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Compound growth

23 September 2014 By Quentin Webb

A possible $27 billion tie-up between two fertiliser giants could prove hard to cultivate. Norway’s Yara International and Chicago-based CF Industries are talking about merging to create by far the world’s biggest ammonia producer. The two companies boast similar valuations and, together, could harvest significant cost savings. But they say they’re contemplating a merger of equals, and that’s not a deal variety that flourishes easily.

Four years after CF beat Yara to buy Terra Industries, the far larger union would make industrial sense. JPMorgan notes Yara is bigger in western Europe and South America, and in products such as urea and nitrates, while CF’s input costs are much lower thanks to America’s cheap and abundant natural gas.

Meanwhile Liberum reckons annual savings could hit $250 million. Hence the boost to Yara’s market value, which by about 1000 GMT on Tuesday had risen more than $800 million to nearly $14.5 billion.

And there is superficial appeal to the merger-of-equals idea, as opposed to a takeover. The companies have similar market capitalisations and trade on similar valuation multiples. At Sept. 22’s close, Yara fetched 11.8 times forward earnings, according to Datastream, against 12.4 times for CF. Moreover, the concept of equals combining could help satisfy the Norwegian government, which owns 36 percent of Yara and would have to be persuaded of the merits of any deal.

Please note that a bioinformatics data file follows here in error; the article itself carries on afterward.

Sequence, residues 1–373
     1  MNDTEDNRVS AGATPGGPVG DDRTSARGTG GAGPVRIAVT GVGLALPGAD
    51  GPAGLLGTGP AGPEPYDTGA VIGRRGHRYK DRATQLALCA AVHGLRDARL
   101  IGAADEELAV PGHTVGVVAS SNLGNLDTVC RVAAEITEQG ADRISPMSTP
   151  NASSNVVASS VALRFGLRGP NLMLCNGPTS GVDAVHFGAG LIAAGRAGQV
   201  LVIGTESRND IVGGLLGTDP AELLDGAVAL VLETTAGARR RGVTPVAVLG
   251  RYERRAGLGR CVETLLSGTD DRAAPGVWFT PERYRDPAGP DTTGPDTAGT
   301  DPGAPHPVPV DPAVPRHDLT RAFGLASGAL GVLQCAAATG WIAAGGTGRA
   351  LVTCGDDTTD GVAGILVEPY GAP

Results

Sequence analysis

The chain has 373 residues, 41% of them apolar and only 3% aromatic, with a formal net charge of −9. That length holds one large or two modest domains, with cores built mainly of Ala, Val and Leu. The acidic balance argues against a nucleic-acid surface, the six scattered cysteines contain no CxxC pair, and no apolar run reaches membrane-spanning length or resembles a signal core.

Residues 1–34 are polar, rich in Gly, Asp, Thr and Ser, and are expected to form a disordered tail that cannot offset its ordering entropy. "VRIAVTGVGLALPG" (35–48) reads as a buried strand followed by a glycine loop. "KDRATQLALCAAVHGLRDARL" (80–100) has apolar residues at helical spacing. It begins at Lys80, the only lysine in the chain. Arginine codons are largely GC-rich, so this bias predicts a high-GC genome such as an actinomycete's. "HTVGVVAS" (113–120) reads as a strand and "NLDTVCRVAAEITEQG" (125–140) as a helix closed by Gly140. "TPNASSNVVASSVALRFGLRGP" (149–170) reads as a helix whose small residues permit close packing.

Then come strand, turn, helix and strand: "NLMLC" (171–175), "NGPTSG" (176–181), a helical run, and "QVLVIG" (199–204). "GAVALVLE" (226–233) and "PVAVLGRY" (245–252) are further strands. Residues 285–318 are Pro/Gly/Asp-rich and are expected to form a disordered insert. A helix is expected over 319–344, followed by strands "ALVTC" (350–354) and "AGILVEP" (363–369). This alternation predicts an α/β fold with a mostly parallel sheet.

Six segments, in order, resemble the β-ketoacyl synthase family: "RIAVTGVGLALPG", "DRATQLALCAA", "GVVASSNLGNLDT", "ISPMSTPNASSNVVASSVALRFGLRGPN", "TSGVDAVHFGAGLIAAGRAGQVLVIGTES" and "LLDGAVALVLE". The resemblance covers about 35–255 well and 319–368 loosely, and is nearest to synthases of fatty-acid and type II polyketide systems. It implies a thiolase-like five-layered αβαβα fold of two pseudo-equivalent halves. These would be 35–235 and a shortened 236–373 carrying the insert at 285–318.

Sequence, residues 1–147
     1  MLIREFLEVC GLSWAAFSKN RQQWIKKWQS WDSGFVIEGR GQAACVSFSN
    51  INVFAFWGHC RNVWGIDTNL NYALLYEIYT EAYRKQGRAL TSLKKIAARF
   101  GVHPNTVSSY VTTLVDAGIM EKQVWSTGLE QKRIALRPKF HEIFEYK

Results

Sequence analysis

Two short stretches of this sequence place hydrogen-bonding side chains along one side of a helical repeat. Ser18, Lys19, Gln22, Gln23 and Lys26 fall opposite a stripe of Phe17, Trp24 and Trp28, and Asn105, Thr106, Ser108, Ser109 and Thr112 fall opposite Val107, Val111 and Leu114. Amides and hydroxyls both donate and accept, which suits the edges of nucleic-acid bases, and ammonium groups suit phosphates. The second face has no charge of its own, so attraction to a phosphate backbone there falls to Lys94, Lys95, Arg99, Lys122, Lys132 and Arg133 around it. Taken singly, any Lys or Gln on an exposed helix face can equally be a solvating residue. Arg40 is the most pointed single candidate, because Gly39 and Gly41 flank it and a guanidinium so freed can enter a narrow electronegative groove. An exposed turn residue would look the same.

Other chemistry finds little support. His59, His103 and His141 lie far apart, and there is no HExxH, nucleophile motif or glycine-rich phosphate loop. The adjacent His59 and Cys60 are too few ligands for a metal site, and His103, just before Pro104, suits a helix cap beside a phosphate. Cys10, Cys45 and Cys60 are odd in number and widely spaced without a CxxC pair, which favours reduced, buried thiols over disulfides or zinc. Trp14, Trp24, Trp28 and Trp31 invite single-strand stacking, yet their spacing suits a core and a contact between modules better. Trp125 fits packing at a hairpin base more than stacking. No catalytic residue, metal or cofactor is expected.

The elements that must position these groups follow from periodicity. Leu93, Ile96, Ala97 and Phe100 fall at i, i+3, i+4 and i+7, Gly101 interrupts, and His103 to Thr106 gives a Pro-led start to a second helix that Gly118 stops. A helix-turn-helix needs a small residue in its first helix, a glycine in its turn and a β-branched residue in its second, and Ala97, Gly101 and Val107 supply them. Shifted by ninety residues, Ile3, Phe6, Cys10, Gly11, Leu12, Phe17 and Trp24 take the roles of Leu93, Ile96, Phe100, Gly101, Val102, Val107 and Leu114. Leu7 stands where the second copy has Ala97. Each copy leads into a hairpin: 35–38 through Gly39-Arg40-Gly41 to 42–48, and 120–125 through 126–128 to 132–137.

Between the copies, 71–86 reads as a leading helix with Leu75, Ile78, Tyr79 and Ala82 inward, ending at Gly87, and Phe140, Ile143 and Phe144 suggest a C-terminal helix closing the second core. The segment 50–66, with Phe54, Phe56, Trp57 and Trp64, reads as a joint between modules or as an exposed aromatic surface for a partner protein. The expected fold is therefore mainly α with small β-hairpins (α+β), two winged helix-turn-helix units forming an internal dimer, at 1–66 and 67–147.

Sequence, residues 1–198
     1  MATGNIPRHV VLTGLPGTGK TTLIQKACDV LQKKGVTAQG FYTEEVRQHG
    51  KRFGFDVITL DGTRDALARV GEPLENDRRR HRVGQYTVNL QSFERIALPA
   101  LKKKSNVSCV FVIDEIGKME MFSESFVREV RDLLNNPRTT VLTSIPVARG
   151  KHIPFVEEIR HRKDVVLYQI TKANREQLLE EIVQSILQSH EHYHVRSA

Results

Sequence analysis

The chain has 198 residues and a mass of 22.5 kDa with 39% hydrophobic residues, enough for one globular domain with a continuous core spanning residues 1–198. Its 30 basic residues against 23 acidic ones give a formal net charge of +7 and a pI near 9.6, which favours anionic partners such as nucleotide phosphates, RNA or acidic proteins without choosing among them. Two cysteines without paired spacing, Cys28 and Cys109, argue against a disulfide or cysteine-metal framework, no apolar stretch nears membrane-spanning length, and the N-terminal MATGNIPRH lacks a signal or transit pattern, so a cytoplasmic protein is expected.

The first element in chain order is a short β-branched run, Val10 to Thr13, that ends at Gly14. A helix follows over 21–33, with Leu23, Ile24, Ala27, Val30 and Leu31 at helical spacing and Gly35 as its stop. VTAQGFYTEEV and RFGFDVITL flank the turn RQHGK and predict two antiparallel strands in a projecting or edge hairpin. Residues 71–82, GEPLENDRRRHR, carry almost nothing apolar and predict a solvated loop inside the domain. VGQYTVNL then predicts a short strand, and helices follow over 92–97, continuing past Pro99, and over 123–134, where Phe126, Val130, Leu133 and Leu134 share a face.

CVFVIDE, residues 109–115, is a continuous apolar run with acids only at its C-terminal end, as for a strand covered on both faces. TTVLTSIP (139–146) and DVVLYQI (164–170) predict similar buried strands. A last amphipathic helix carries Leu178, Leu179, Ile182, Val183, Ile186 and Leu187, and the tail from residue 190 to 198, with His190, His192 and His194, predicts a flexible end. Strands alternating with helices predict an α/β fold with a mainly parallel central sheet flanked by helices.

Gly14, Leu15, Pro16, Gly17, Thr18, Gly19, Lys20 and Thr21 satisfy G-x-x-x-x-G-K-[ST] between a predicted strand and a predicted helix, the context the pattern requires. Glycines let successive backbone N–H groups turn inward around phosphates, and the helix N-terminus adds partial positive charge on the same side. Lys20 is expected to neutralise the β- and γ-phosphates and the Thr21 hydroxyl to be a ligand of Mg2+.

But mergers of equals often get a bad rap. They can be controversial if one set of investors feel they are ceding control without a premium, as Xstrata’s shareholders did when the company agreed a deal with Glencore. Even then, and even if top jobs are split evenly, there can be culture clashes and leadership tussles. Look at Publicis-Omnicom, the transatlantic advertising merger that failed after months in the works.

Pessimists might worry that CF’s $4.7 billion seizure of Terra Industries left some bad blood between the two companies. And even if Norway’s government wants to reduce its influence at Yara, its involvement will surely complicate questions surrounding who would run the combined company and where it will be headquartered. It could prove tricky for Yara and CF to deliver this particular dose of inorganic growth.

The Context News has been corrected to show Agrium was bidding for CF, not Terra Industries.


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